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Use-based car insurance growing

By Tara Baukus Mello · Bankrate.com
Saturday, September 7, 2013
Posted: 6 am ET

The interest in use-based car insurance -- where consumers pay insurance rates based on their driving habits -- is growing, with 36 percent of consumers saying they would change carriers for a 10 percent discount on their car insurance rates, according to the 2013 Telematic Survey by Lynx Research Consulting for LexisNexis.

Usage-based auto insurance uses a telematics program to determine the time, frequency and manner in which the car is driven, collecting the information and providing it to the insurance company to determine if a driver is eligible for discounts on insurance premiums. One-third of respondents said the idea was appealing and are likely to allow a personal smartphone to be used to collect and transmit the necessary data.

The study found that 61 percent of drivers are more likely to accept telematics if insurers offer a three-month trial period, while 72 percent are more likely to accept a program if the car insurance provider offers an automatic 10 percent discount during the first six months.

How about you? Would you accept telematics?

Tara Baukus Mello writes the cars blog as well as the weekly Driving for Dollars column, providing both practical financial advice for consumers as well as insight into the latest developments in the automotive world. Follow her on Facebook here or on Twitter @SheDrives.

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19 Comments
Rob
September 11, 2013 at 12:21 pm

No way!

My insurance company tried to sign me up for this. It involved plugging a device into our vehicles that monitors your driving habits. They can monitor how many miles you drive, how hard you brake, how fast you are going when you turn, etc. Most importantly, if you are in an accident, the device collects information about the accident in order to help the insurance company deny your claim. All of this for an amazing savings of......drum roll....... $50 a year! This is pretty much a no-brainer. Don't fall for it.

jim
September 11, 2013 at 11:41 am

@ als

Excellent post! I couldn't have said it better myself.

als
September 11, 2013 at 11:13 am

Absolutely NOT!!!

Amazing how much privacy people will give up for a little cash. Any fool that tries this is setting the stage for it to become the accepted norm...and once that happens, the rates will just go up again. It a scam to try and get motorists to accept being spied on. Then the next step is the data is shared with the police with obvious results...Think about it people. 10% discount? you couldn't get me to sign on for a 50% discount.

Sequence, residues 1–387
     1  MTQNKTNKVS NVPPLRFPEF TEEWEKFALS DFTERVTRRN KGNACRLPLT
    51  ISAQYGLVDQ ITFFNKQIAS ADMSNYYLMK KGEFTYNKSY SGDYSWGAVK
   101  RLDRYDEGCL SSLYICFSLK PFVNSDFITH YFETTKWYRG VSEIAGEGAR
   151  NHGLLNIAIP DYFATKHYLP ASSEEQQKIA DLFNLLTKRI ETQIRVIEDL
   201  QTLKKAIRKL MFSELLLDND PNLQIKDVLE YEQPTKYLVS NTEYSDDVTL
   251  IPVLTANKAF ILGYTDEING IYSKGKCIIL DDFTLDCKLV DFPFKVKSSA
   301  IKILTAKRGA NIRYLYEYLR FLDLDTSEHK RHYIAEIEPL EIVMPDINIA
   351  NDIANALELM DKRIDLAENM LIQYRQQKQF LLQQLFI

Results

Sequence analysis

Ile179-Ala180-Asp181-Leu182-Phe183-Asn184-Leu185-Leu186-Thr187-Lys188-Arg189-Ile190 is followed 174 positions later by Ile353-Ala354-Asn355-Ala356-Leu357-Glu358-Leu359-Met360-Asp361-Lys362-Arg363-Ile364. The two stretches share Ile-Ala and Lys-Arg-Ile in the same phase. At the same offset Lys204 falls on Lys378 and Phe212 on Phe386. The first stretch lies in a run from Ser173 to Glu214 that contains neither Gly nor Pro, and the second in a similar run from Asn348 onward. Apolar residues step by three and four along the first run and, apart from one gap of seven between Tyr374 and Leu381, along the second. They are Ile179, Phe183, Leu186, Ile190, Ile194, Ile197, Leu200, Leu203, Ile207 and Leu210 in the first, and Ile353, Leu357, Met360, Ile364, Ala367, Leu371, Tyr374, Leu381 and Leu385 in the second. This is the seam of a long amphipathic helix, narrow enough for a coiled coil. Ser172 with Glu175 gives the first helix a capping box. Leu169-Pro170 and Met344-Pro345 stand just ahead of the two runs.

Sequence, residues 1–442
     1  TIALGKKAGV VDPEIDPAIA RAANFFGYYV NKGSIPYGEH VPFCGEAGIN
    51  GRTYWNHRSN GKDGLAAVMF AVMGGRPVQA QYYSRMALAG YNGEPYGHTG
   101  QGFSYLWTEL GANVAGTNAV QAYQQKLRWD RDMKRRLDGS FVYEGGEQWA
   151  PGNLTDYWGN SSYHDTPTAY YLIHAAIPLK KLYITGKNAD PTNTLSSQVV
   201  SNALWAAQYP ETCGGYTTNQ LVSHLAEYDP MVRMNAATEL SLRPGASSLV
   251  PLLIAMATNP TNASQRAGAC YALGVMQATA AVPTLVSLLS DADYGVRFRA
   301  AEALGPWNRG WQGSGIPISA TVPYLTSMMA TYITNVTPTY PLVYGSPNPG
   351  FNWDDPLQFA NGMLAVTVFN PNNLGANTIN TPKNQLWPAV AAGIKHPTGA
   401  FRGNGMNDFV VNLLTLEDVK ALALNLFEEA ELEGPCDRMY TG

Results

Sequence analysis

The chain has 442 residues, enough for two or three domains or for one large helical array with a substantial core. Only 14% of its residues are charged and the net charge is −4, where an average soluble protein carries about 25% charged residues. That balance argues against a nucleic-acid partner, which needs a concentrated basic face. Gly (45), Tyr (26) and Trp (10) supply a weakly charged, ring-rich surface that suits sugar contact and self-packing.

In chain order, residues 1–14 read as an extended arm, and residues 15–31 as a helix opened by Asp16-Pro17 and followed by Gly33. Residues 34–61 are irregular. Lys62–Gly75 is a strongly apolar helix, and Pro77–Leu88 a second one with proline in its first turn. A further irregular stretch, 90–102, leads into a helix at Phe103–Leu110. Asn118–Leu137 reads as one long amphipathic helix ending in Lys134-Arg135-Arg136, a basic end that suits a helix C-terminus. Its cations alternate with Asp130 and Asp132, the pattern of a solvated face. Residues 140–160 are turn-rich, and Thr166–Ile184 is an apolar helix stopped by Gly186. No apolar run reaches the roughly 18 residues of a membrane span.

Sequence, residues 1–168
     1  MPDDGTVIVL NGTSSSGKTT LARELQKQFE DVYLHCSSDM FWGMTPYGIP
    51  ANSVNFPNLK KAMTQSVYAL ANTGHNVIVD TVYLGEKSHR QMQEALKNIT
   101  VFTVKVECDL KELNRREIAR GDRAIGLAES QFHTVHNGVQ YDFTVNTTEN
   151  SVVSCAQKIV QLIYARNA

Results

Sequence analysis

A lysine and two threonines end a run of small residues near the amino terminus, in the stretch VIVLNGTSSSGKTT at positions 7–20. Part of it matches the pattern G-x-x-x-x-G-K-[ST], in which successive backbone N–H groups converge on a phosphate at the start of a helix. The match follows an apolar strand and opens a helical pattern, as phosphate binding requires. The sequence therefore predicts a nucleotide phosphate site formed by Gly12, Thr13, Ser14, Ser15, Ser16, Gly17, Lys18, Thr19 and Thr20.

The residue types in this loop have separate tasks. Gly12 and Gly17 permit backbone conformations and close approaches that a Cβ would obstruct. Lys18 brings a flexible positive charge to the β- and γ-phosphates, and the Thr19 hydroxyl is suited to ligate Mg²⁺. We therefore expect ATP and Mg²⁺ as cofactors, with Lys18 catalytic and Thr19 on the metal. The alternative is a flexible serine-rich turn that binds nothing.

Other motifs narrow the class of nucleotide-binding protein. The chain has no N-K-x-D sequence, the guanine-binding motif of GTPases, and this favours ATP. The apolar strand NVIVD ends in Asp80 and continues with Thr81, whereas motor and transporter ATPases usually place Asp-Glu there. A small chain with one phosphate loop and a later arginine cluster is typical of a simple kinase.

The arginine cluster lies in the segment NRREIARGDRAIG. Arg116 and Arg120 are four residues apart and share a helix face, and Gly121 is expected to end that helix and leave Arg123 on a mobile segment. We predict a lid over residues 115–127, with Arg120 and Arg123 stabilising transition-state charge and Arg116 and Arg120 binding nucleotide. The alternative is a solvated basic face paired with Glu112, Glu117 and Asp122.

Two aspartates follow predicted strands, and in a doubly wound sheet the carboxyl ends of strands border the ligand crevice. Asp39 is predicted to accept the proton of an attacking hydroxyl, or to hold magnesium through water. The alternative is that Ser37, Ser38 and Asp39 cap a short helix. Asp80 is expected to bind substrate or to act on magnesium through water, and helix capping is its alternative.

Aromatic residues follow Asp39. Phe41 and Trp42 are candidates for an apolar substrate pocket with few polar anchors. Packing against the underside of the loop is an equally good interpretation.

Tell you what.. How about my insurance company refund me all those years I paid without needing them to shell out.... Fat chance that will happen.

Joey B
September 11, 2013 at 10:47 am

Insurance is a money game. The insurer takes a risk that you will not be involved in a car accident. Actuaries determine your risk based on your driving history and personal information you provide (age, gender etc.). But if you let them track your driving, its like a poker game where they see all the cards and then make the bet. ITS CHEATING!!!

Douglas
September 11, 2013 at 10:22 am

Spot on, Bob.
Insurance is the problem, not the solution. Not only do you have to pay premiums, but deductibles and limits, plus they try every way possible to deny claims.

Al
September 11, 2013 at 2:32 am

Let's just go all the way and be communists.

Habba
September 11, 2013 at 12:51 am

No Way! I am sick of being spied on. Progressive already has something like this and all it does is spies on you. If you're speeding when you have an accident, the program tells them that and they will NOT cover the accident, saying that your speeding caused it.

Bob
September 10, 2013 at 11:00 am

This is even worse than letting the government snoop into our private activities. Grotesque totalitarianism, conducted by business entities that aren't subject to Constitutional constraints.
Besides, if insurance companies' actuarial considerations target every person according to risk, what's the point of insurance companies at all, unless they're small-scale, mutual insurance companies? If everybody is dunned according to every risk, then our premiums are not going to be any better than self-insuring. Why not leave out the middleman, and keep the profits he's taking, and put them into a self-insurance pool? America has gone nuts over insurance in the past several decades, with little attention paid to how insurance makes whatever goods and services it covers more expensive. And then there are the administrative costs. And profits. It's like a safety-addiction-- it creates its own demand, as it makes everything so expensive that one can't afford to be without insurance. It's like heroin.

bill c
September 10, 2013 at 12:38 am

I let Progressive do it. I kept getting updates that I was getting the whole 30% off due to how little I drove my truck. I have had it four years and have put 13,000 miles on it.

Then one day I take it out for a round trip of about 80 miles in one day. I get a notice that they are hiking my rate 7%. For one 80 mile trip? It is a joke.

betty
September 07, 2013 at 5:23 pm

No, I would not want "big brother" insurance company watching what I'm doing. No thanks.